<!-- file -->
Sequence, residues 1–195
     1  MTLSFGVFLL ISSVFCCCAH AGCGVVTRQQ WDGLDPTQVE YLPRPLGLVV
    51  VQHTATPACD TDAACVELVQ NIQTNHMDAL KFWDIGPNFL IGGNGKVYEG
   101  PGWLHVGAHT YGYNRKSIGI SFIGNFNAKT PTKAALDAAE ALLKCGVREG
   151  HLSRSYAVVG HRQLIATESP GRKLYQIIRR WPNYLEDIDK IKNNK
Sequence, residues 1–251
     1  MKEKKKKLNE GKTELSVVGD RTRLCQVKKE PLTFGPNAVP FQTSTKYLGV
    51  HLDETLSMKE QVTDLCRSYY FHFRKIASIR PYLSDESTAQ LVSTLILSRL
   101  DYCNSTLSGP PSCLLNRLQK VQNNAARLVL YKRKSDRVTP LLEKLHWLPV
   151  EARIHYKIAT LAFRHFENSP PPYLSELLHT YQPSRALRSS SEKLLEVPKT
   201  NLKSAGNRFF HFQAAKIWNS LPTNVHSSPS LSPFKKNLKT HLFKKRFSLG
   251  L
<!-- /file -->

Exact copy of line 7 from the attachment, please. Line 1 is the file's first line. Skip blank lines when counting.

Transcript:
     1  MKEKKKKLNE GKTELSVVGD RTRLCQVKKE PLTFGPNAVP FQTSTKYLGV